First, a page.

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No. 6 Nascar Ford Mustang Team Penalized For Unapproved Modification

The No. 6 Nascar Next Gen Ford Mustang team, fielded by Roush Fenway Keselowski Racing and driven by Brad Keselowski, incurred heavy penalties for a modifying a single source supplied part.

After last week’s race at Atlanta, the No. 6 Mustang was found to be in violation of sections 14.1 and 14.5 of the Nascar rule book, which outline policies regarding the modification of a single source supplied part. The sanctioning body did not disclose the part in question, although Bob Pockrass, Nascar reporter at FOX Sports, said on Twitter that it may be related to a rear body component on the race car. The violation was discovered on March 24th at the Nascar R&D center during a teardown of the No. 6 machine.

As a result of the infraction, the No. 6 Mustang was docked 100 driver points as well as 100 owner points. This dropped Keselowski, who is part owner of RFK Racing, from 16th in overall points standings to 35th. Should Keselowski and the No. 6 Mustang team qualify for the Cup Series Playoffs at the end of the season, he will also be docked 10 Nascar Playoff points.

Additionally, Keselowski’s crew chief, Matt McCall, was fined $100,000. He has been suspended from Nascar competition for the next four races.

Brad Keselowski, driver of the No. 6 Nascar Next Gen Ford Mustang and part owner of Roush Fenway Keselowski Racing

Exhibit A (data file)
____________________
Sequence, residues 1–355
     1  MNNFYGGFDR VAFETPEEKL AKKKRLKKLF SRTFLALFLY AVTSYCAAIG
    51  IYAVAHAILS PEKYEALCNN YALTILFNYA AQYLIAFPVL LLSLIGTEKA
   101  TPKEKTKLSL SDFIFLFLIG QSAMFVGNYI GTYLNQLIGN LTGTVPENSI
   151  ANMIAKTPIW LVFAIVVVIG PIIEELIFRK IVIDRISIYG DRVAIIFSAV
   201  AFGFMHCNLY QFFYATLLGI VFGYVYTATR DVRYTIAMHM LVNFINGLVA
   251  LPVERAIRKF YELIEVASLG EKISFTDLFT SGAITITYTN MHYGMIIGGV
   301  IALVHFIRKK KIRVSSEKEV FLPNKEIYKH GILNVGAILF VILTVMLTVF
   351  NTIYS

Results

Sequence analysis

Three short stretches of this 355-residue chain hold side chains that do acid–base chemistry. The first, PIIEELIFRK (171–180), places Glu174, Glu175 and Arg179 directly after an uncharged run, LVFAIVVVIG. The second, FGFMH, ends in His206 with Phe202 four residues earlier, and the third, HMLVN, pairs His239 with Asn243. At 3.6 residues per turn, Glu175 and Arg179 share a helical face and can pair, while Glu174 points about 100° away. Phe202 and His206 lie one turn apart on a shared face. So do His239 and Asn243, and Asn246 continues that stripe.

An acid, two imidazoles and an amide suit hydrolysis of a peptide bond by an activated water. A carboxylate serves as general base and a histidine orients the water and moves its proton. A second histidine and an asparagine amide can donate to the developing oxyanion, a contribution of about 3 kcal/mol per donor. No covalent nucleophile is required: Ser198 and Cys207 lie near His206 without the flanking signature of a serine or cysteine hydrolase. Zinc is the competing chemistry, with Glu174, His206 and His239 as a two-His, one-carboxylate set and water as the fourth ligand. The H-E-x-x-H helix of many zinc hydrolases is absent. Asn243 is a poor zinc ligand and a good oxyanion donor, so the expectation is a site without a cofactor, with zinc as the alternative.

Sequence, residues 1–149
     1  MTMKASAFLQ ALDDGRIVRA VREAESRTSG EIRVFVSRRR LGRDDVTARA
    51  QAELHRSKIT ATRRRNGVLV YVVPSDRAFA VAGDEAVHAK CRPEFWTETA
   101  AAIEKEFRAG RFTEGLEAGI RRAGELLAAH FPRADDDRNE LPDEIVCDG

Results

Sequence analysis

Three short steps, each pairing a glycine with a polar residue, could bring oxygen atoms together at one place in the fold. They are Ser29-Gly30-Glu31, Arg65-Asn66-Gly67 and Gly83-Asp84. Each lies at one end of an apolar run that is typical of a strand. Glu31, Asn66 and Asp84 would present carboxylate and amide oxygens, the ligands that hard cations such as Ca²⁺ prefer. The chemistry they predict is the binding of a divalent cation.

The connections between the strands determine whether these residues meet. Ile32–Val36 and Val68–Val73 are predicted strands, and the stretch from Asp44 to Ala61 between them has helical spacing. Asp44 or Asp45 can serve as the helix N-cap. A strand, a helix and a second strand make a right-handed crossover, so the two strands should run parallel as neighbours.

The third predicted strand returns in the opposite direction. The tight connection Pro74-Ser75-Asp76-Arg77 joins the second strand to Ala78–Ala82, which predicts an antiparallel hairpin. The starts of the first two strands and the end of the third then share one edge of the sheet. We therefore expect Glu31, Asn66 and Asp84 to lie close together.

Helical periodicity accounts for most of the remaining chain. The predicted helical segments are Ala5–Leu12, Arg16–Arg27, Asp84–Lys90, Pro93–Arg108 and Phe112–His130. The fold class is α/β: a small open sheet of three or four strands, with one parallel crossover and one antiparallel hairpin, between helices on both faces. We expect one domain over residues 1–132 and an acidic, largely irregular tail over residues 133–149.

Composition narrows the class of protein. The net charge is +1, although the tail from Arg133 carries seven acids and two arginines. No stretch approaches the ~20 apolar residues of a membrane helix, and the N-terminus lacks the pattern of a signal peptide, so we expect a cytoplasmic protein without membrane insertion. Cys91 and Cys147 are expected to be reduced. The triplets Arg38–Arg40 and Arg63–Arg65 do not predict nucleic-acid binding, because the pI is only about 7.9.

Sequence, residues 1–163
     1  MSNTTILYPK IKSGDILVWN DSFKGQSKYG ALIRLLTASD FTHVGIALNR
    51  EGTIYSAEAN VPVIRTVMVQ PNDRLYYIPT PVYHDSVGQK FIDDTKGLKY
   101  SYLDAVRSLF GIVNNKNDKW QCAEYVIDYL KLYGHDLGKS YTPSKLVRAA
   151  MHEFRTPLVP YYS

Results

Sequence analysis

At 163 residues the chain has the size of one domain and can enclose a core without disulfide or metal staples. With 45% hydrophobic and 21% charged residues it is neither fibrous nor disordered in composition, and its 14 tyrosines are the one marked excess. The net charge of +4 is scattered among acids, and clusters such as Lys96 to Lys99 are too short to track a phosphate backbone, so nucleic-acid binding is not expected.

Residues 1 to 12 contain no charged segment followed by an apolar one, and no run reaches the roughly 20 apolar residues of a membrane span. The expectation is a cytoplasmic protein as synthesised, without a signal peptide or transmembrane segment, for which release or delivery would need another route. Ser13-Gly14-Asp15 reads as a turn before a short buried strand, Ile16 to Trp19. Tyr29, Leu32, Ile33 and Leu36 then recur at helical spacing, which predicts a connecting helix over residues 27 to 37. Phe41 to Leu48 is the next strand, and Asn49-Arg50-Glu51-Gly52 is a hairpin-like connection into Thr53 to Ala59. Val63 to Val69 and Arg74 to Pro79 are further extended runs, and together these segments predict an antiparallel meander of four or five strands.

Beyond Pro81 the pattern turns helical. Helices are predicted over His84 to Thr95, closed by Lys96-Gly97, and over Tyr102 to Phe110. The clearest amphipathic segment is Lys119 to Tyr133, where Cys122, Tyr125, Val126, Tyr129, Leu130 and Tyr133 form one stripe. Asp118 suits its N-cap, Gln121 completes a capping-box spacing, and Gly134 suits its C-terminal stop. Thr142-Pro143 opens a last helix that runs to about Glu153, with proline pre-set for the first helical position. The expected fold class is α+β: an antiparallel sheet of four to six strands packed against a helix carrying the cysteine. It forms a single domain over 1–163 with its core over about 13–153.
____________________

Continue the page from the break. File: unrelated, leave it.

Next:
With the introduction of the Next Gen race car, Nascar officials outlined a more severe penalty structure at the start of the 2022 season. The penalties incurred by the No. 6 Mustang this week fall under the L2 level, which outlines penalty options including a 75-120 points deduction, a 10-25 Playoff points deduction, the suspension of one or two crewmembers for 4-6 races, and between $100,000 and $250,000 in fines.

“To make sure that all of those things stay above board, there’s going to have to be a culture shift from the way that the teams and NASCAR, for that matter, have done business,” Nascar Senior Vice President of Competition Scott Miller explained. “This deterrence model has more meat in it, more meaningful penalties, but I think we all thought that it was time for this with the introduction of the new car.”

RFK Racing announced Friday that it will attempt to appeal the penalty.

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Alexandra is a Colorado-based journalist with a passion for all things involving horsepower, be it automotive or equestrian.

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Comments

  1. Michael Fornetti

    Based on how he is running what they did looks to be. In the wrong direction

    Reply
  2. Tim Papirnik

    Tired of NASCAR dictatorship stopped watching decades ago.

    Reply

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